Moving northwards over lunch, from the Lemaire towards Paradise Bay, involved more calm water, blue skies, and reflections of arguably one of the most beautiful environments on Earth. Brash ice occasionally scraping down the sides of the ship. Seals hauled out on the ice scarcely batting an eye as we slide past. ‘Le Lyrial’ is almost silent to us, and unusually smooth.
A glorious afternoon was spent at the old Almirante Brown Argentine base, now called simply Brown – the color of the buildings making this abundantly clear. This base in Paradise Bay afford guests opportunity to walk up a steep, snowy slope, and slide down, along with viewing nesting gentoos. On a sunny afternoon as it was today, the surrounding bay and mountains glisten. Deep snow made the hike more challenging than usual, but a huge proportion of our visitors made it to the summit – some doing it twice to enjoy the slide a second time. Zodiac tours were then conducted too view blue-eyed shags nesting, before a surprise champagne stop.
Dinner was enjoyed with Antarctica bathed in gorgeous evening sunshine. In fact the light all day today has been unusual, great for photography, and utterly appropriate for these visitors last day here.
There was considerable swell last night. During the morning guests returned their rented boots, wet pants and walking poles, leaving little doubt that this Antarctic voyage is sadly almost over.
Richard Harker gave an enlightening lecture on “Turning good photos into great photos – the Basics of Digital Workflow”. Like Ansel Adams, the final results depend on the editing process. In days gone by we depended on laboratories to improve our photos off film, nowadays much of the responsibility rests with us and digital software. As with many consummate professionals, they make it look so darn easy! Matters of white and black levels, white balance, sharpening and panoramic possibilities were discussed, and there is no doubting that those who were able to follow Richard’s lecture, will be the better photo editor for it.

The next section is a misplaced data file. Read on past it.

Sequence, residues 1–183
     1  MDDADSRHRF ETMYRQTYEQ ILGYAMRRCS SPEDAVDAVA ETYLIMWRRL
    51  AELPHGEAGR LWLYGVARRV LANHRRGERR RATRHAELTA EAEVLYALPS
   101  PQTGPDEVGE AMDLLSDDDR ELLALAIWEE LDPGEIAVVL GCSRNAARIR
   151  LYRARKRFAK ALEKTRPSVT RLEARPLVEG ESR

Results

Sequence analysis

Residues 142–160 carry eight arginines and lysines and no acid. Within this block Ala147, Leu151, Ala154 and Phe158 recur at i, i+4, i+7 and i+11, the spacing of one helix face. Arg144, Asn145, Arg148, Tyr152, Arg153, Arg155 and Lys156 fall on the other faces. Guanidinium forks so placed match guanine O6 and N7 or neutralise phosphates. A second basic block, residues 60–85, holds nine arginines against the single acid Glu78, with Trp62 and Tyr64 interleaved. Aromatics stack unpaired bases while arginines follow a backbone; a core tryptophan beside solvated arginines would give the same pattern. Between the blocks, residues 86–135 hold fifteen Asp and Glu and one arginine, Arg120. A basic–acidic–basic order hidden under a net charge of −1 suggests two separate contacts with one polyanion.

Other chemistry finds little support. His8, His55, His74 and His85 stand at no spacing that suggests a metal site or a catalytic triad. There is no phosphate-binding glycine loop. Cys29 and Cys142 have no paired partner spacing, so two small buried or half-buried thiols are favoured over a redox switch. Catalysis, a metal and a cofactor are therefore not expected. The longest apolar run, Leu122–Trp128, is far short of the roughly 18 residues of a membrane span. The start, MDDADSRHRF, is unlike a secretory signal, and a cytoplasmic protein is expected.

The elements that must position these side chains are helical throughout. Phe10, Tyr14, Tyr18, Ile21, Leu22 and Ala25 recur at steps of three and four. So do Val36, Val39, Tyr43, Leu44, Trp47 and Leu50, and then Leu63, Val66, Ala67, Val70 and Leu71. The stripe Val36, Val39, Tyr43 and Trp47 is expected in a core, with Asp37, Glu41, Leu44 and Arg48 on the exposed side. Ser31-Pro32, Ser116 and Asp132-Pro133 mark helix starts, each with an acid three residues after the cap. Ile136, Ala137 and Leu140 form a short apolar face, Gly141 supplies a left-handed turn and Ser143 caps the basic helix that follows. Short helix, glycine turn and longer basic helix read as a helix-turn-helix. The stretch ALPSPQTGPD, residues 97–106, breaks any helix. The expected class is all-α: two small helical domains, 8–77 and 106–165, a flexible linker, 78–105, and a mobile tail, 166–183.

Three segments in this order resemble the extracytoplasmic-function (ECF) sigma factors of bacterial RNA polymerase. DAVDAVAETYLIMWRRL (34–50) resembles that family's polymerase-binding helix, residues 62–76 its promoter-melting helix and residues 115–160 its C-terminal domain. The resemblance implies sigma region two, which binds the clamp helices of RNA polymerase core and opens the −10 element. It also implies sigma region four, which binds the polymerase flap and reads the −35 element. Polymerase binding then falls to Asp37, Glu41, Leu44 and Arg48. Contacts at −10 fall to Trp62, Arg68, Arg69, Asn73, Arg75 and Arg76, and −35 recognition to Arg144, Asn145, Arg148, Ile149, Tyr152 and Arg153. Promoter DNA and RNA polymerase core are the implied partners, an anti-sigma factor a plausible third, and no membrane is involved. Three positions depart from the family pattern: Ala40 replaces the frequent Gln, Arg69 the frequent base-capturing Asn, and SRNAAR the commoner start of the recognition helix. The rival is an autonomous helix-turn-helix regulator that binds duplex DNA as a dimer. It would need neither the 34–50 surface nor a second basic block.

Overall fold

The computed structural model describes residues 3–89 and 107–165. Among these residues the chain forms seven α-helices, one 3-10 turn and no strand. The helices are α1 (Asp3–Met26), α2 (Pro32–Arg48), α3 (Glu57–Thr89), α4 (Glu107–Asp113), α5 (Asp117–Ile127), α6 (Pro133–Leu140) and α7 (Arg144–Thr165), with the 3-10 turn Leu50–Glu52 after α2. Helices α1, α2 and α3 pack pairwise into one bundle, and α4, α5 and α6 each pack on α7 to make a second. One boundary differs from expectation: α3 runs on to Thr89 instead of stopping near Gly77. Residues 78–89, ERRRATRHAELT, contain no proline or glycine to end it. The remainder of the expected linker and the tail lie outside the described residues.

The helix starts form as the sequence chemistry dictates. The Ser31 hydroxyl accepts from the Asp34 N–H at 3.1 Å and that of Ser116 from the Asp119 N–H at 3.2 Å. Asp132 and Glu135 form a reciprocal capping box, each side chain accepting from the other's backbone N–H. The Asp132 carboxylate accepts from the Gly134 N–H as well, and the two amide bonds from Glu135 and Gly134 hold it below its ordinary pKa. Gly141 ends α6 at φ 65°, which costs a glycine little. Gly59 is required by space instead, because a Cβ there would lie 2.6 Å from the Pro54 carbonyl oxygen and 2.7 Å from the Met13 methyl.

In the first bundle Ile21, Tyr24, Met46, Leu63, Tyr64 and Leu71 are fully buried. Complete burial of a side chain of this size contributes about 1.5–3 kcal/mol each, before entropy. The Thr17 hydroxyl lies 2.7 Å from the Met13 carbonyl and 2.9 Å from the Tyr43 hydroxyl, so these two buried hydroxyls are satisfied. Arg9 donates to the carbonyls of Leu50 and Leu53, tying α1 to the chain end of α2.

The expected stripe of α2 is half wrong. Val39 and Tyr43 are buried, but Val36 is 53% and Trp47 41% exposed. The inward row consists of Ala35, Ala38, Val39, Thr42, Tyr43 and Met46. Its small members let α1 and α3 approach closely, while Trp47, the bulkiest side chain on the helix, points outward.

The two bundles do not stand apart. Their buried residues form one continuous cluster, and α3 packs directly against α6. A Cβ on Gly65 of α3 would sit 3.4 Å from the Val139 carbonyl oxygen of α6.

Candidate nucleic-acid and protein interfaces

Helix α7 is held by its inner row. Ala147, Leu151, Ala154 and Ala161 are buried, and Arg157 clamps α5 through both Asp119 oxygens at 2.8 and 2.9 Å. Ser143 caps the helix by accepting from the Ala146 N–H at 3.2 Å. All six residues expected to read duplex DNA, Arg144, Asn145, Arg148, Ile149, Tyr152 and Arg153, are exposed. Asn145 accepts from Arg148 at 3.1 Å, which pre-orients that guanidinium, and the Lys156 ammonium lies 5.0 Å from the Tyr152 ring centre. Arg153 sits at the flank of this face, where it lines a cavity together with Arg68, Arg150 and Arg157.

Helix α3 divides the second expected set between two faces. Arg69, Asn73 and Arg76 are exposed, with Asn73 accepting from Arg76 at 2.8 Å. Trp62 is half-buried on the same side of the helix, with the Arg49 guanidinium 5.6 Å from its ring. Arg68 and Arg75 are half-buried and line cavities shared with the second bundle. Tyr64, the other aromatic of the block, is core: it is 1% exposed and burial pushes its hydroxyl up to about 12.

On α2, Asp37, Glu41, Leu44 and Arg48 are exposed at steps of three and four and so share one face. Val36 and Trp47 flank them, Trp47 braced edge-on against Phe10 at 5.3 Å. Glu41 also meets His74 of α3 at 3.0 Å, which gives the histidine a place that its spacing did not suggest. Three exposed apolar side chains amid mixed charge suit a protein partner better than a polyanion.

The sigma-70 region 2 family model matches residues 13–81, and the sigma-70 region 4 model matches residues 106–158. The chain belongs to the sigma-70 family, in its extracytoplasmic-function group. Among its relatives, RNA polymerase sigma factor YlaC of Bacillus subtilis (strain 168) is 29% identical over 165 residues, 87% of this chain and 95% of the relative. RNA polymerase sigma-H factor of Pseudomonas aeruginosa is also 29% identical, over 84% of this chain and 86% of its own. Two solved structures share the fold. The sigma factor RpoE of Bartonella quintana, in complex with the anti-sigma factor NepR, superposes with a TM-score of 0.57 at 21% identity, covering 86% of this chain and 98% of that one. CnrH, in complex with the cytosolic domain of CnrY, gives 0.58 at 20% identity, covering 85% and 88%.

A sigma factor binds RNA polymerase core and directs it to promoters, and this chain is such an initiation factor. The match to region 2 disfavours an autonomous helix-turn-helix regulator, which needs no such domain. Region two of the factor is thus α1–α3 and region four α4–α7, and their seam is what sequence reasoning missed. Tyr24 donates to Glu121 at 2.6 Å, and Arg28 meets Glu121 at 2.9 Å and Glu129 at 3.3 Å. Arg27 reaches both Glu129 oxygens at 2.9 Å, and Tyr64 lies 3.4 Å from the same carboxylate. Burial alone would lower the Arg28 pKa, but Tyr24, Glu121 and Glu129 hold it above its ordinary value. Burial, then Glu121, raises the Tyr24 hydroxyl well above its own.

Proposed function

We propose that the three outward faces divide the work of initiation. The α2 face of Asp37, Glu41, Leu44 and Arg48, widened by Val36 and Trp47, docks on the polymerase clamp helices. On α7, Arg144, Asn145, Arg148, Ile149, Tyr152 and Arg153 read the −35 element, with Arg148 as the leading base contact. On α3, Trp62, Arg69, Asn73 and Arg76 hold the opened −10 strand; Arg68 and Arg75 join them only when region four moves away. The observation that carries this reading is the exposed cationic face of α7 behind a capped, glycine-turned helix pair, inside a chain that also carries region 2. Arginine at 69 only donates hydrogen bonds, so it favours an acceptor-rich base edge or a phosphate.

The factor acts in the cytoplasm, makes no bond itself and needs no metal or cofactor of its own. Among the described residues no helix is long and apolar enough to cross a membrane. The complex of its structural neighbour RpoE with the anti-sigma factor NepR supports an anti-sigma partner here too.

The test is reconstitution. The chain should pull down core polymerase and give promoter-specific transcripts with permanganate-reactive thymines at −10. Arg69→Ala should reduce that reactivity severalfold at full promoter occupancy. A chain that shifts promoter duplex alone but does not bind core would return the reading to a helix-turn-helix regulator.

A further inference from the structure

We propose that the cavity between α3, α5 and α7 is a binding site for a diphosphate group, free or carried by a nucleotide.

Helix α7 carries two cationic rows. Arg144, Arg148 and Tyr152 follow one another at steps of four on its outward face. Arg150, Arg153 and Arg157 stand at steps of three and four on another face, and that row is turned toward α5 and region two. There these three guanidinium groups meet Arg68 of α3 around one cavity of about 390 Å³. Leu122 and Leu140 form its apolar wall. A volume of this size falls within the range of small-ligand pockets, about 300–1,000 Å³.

Patri Silva then presented “Albatross – We Have a Problem!” Outlining the threats of long-line fishing together with land-based issues affecting Albatrosses. These great flyers pair for life, and fly massive distances foraging for food. Various policies implemented on fishing vessels have resulted in far fewer casualties to long-liners, but the Albatrosses at large remain vulnerable, and threatened. With the rat eradication program on South Georgia so successful, let’s hope that populations recover.
Considering Henry’s wonderful talk “Poles Apart”, let us take a quick look at some of the other differences between the Arctic and Antarctica. The South Pole is 9300 feet ASL, with bedrock 100 feet ASL. The North Pole is situated on 3 feet of sea ice, with bedrock 1400 feet BELOW sea level. Antarctica – no tree line, no tundra, no native population. Arctic – clear tree line, well-defined tundra, circumpolar native populations. The South Polar ice sheet covers 98% of the land, whilst there is limited land ice in the Arctic. Mean annual temperature at South Pole minus 50 degrees Centigrade, versus minus 18 degrees Centigrade at the North Pole. No terrestrial mammals in the south, whilst reindeer, wolves, musk oxen, hares, lemmings and foxes inhabit the north. Antarctica hosts less than 20 bird species, more than 100 species in the Arctic. Perhaps the most obvious – penguins in the south and polar bears in the Arctic.
At 2:00 pm, a Werner Hertzog movie was screened “Encounters at the End of the World”. Lauren DiSandro from A&K is available daily for those interested in investigating or booking future A&K departures.